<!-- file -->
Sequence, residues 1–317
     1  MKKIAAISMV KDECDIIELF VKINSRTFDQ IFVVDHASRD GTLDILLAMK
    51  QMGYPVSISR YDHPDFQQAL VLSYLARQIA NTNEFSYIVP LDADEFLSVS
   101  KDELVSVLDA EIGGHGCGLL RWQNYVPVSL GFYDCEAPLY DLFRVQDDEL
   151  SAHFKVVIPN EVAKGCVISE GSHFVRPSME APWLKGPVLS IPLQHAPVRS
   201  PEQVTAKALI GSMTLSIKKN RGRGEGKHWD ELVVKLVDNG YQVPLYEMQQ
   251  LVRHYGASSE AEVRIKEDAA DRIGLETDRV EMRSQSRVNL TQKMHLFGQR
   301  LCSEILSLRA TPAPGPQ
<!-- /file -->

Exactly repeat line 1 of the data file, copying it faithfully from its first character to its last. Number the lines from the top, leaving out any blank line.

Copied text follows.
Sequence, residues 1–317